Disinfection of needleless connectors to reduce Staphylococcus aureus bacterial load
Compare effectiveness of chemical disinfectants in reducing S. aureus.
Five disinfectants reduced the bacterial load, especially chlorhexidine solutions.
Focus on Brazilian clinical practice of needleless connector disinfection
This study aimed to gain further knowledge about the comparative effectiveness of chemical disinfectants in reducing the bacterial load of NCs inoculated with S. aureus.
Disinfection of needleless connectors was undertaken in vitro against S. aureus comparing 70% isopropyl alcohol (IPA), 70% ethanol, 0.5% and 2% chlorhexidine in 70% IPA applied with gauze, and 70% IPA single-use cap (Site-Scrub®).
All disinfectants reduced the bacterial load (P<0.001), especially the chlorhexidine solutions. Mechanical friction should follow guidelines.
This study found that all tested disinfectants effectively reduced the bacterial load and more clinical studies must be developed with a focus on the Brazilian clinical practice of needleless connector disinfection.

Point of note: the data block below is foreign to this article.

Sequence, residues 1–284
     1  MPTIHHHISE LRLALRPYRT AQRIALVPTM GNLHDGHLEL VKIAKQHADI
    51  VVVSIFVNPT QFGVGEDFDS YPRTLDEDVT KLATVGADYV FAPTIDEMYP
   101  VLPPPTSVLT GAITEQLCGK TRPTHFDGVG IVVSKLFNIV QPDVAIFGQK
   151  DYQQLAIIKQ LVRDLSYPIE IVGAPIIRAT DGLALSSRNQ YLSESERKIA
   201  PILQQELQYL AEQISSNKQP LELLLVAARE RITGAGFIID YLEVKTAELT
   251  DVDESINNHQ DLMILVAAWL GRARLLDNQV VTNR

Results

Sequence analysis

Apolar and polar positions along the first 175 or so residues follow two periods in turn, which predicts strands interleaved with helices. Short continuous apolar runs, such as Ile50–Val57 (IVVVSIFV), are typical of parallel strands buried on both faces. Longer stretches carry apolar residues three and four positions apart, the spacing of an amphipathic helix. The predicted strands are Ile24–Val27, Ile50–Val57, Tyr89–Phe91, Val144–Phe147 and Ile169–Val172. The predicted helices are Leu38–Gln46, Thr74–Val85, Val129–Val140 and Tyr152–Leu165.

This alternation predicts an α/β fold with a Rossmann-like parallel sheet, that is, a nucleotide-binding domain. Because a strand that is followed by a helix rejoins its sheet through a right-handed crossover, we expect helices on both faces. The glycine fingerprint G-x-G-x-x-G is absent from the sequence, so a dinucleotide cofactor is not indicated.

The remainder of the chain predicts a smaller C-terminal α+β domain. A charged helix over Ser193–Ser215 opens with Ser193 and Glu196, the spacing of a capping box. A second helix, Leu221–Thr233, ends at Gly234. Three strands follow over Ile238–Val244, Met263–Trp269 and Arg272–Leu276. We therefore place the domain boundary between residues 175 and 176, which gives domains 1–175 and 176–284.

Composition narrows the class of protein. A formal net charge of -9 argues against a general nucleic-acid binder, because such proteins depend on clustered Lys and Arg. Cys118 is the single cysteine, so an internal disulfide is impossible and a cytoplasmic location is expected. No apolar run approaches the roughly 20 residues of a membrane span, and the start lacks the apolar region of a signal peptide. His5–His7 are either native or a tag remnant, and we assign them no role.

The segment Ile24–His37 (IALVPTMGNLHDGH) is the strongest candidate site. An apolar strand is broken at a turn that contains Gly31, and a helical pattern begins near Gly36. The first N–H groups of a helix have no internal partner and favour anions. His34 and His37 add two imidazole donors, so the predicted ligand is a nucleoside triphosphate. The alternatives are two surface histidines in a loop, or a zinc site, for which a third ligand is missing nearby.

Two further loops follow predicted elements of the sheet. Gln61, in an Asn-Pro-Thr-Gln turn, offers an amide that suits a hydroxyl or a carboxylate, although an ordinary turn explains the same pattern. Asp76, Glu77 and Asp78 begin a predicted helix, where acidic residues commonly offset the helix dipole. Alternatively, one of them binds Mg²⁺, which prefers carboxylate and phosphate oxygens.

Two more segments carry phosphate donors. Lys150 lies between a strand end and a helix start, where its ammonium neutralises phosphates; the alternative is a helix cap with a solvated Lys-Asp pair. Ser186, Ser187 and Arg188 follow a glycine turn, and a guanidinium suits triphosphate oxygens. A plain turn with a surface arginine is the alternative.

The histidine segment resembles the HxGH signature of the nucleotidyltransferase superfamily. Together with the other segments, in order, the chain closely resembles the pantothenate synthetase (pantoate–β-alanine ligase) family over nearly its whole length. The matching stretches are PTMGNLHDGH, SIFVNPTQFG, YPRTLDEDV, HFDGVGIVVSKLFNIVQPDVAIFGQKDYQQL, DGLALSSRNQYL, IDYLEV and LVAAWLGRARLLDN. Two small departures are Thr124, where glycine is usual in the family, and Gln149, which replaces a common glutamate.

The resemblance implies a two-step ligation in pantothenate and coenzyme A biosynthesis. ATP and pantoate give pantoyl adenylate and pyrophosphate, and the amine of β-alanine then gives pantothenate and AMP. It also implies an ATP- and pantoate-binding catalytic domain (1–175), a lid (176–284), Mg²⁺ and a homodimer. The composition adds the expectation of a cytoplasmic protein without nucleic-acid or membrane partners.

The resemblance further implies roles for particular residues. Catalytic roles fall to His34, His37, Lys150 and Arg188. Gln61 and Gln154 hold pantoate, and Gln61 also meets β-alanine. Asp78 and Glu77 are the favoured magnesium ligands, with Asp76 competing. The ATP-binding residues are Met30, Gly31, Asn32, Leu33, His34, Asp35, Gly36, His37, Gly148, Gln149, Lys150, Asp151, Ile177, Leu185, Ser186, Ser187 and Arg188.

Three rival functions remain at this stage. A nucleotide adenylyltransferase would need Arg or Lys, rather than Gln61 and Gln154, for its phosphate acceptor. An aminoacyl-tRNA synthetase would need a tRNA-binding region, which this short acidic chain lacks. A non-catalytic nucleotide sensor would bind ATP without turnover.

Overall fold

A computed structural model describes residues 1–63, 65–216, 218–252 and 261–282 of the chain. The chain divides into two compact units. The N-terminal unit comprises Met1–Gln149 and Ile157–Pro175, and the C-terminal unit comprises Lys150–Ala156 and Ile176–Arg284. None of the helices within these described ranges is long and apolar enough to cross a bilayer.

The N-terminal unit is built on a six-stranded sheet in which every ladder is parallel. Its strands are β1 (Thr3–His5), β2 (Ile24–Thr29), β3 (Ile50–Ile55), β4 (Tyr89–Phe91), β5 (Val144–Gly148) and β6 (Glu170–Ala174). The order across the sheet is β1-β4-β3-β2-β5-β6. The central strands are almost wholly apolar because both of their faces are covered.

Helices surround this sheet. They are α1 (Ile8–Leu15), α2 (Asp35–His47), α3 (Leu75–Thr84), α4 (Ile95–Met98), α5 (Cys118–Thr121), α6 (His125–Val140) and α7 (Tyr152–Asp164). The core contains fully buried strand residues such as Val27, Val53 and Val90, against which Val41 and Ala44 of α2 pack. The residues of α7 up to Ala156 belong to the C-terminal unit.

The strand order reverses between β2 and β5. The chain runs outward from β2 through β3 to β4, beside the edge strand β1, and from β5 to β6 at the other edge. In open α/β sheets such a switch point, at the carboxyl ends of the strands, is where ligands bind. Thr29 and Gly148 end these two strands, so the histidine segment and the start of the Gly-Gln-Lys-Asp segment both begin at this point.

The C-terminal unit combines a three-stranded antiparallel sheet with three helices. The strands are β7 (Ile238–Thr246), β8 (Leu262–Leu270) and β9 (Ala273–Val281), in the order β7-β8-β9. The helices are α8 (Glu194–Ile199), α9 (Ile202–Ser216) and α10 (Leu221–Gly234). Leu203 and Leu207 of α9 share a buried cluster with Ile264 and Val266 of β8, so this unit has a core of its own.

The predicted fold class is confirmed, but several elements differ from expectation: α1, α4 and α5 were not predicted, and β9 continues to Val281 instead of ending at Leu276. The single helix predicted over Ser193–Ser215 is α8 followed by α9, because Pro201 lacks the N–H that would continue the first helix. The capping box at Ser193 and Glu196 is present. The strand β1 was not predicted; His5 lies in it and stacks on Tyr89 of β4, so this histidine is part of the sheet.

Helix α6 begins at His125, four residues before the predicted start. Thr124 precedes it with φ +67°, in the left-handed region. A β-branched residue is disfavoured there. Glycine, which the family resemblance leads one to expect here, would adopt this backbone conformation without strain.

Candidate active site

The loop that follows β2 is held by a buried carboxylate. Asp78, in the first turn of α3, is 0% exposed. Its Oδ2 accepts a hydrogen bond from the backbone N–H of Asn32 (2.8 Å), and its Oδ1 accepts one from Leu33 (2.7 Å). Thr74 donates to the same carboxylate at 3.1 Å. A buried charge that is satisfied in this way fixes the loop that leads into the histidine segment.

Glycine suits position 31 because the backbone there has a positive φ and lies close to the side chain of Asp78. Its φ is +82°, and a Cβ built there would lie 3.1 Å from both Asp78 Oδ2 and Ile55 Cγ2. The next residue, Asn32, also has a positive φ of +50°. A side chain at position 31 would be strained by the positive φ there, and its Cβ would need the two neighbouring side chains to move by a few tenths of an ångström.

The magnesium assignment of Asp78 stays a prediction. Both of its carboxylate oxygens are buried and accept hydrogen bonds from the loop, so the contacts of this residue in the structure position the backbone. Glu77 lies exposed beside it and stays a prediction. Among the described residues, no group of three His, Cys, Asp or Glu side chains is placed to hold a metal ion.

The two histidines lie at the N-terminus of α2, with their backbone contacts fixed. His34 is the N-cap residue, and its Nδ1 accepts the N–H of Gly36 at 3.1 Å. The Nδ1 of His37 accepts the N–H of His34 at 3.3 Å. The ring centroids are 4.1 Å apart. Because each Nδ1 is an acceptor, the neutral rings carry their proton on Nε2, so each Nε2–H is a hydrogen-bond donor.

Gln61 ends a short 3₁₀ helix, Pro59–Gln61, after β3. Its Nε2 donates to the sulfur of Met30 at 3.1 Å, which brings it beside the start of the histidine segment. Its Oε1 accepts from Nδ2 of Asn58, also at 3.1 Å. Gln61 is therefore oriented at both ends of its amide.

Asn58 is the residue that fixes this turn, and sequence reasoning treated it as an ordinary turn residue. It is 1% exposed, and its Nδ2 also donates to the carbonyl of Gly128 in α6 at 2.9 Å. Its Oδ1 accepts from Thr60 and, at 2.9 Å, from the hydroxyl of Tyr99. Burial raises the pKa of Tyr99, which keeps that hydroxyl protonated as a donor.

Needleless connectors (NCs) provide entry to vascular access devices for the administration of intravenous fluids, medications, blood products, and other intravenous therapies. However, due to connector design, environmental exposure, and manual manipulation, NCs can increase the risk of catheter-associated bloodstream infection (CABSI).1,2 For this reason, clinical practice guidelines such as Infusion Therapy Standards of Practice3 and Guidelines for the Prevention of Intravascular Catheter-Related Infections4 recommend NC external surface disinfection using mechanical friction before each device manipulation. Different chemical disinfectants and NC designs have been introduced to reduce NC bacterial contamination.5 A recent systematic review concluded that alcohol-impregnated single-use caps and alcoholic chlorhexidine gluconate (CHG) wipes were associated with significantly lower CABSI than 70% isopropyl alcohol (IPA) wipes.1 However, this review included no randomized controlled trials or studies evaluating many of the chemical disinfectants used in lower resource settings (eg Brazil). In Brazil, there is a difference in available products for the disinfection of NC in comparison with the USA. In the USA, all disinfectants are available in a single-use option (a wipe or swab), while in Brazil, the disinfectants used can be bulk and applied to gauze for use. There is a lack of studies that replicate techniques used for disinfection in countries such as Brazil.
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